Warnings of this kind, if I understand a-right, have not unfrequently been given:—warnings, which might have been given, and would have been given in better times, might (had they been given) have operated as preventives to the most grievous public calamities. At the time of the religious wars in France, more than one of the fanatics, who, with different degrees of success, aimed a murderous hand at the person of the monarch, prepared themselves for the enterprise, according to the histories of the times, by previous confessions, in the course of which the design was more or less disclosed. Without exposing the intended assassin, it might naturally have been in the power of the confessor to have frustrated his flagitious project: without opportunity, the attempt would not have been made; and, without the attempt, the design would not have afforded evidence sufficient for the purpose of penal justice.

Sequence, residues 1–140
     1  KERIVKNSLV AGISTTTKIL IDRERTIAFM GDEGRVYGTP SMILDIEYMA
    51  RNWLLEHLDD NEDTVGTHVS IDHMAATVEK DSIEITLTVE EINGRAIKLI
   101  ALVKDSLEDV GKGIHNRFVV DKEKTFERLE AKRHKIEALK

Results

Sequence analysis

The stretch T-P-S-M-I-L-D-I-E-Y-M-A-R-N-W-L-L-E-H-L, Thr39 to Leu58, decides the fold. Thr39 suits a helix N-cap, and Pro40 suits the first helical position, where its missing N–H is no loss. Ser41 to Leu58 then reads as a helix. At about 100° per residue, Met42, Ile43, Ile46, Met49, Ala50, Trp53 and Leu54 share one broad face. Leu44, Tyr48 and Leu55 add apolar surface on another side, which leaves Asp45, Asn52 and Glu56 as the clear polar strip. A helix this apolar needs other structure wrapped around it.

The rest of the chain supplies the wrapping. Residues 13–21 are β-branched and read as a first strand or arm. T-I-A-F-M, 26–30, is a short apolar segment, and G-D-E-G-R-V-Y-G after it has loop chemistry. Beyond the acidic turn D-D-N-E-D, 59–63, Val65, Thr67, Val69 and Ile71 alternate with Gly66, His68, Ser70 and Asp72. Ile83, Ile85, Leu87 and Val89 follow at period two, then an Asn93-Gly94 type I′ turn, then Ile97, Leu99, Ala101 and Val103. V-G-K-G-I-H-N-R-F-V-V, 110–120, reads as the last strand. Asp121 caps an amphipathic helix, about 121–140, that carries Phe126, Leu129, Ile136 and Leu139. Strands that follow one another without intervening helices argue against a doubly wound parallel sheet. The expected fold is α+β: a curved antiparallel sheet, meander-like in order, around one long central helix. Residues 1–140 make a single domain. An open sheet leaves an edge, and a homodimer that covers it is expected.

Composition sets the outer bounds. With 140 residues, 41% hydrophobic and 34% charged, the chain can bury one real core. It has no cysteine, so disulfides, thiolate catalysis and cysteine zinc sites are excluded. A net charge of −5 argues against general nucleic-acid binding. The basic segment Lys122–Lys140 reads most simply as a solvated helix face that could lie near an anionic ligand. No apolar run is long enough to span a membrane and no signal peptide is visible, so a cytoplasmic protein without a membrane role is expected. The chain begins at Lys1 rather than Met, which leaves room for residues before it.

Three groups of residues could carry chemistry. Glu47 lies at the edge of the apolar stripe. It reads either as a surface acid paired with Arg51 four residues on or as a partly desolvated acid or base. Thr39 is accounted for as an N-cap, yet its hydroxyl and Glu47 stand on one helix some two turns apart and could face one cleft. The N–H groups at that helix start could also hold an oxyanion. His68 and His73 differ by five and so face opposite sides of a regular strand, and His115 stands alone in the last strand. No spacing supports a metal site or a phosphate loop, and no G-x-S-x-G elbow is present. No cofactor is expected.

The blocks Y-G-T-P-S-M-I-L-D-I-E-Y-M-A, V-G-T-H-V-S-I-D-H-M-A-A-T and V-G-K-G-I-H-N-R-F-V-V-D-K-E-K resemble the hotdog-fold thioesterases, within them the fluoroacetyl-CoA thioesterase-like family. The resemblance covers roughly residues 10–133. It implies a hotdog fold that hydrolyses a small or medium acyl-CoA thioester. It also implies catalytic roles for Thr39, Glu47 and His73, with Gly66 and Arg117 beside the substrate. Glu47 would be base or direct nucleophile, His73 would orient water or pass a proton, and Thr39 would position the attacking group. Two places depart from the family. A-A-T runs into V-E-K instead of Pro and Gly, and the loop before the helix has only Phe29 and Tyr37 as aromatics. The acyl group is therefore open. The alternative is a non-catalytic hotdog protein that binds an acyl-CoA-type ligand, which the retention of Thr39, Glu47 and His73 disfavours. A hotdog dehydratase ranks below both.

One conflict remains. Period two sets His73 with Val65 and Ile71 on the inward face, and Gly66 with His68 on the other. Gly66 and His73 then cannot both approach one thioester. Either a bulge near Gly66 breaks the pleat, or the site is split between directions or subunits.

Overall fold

The discussion has been rendered the more particular, for the purpose of giving the clearer view of the essential differences by which this case stands distinguished from another, with which it might be liable to be confounded: I mean the case of those disclosures which may come to be made by an individual, criminal or non-criminal, to a law adviser, in the character of attorney or advocate; a topic which will come to be considered in its place.*
[* ]For the Author’s farther views on this subject, vide supra, Vol. VI. p. 98.
[* ]Vide infra, Part IV. Vexation; Chap. V. § 2.